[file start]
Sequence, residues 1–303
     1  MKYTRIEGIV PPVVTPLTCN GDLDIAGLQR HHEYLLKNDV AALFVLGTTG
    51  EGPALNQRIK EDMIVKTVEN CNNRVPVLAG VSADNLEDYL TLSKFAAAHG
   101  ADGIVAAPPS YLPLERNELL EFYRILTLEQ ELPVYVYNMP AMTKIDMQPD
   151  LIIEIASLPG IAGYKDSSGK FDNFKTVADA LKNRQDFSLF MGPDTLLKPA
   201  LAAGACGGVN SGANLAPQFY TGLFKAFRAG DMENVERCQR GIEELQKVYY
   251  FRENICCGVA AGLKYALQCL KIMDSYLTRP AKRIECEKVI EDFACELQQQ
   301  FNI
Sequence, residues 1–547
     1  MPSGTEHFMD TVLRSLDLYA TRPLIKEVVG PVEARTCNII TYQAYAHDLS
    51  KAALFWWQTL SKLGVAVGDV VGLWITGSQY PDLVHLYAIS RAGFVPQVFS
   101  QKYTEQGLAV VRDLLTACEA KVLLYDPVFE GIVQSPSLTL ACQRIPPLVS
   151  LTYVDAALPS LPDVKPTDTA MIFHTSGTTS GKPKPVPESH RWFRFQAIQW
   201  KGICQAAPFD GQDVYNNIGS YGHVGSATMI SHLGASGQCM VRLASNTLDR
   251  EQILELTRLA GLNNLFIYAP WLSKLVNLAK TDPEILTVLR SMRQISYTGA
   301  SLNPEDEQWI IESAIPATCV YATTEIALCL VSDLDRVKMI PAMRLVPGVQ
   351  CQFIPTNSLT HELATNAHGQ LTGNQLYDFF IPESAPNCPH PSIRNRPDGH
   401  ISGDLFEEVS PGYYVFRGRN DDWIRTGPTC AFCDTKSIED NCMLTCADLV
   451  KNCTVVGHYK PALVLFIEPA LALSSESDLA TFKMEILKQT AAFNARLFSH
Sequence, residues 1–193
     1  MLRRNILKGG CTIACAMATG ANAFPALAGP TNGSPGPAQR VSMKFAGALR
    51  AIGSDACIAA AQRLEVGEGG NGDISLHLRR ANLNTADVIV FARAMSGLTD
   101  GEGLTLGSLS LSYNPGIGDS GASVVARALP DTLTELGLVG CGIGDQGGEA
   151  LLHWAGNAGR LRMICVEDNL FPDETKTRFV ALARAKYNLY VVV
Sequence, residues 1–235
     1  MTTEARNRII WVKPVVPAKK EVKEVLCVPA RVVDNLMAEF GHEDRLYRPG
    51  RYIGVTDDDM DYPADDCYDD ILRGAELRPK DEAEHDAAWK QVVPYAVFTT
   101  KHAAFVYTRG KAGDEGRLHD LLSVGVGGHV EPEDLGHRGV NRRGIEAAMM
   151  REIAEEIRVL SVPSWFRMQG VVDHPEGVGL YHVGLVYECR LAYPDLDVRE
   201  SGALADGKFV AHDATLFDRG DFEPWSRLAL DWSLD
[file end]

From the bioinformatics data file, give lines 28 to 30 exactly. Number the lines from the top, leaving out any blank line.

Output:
   101  KHAAFVYTRG KAGDEGRLHD LLSVGVGGHV EPEDLGHRGV NRRGIEAAMM
   151  REIAEEIRVL SVPSWFRMQG VVDHPEGVGL YHVGLVYECR LAYPDLDVRE
   201  SGALADGKFV AHDATLFDRG DFEPWSRLAL DWSLD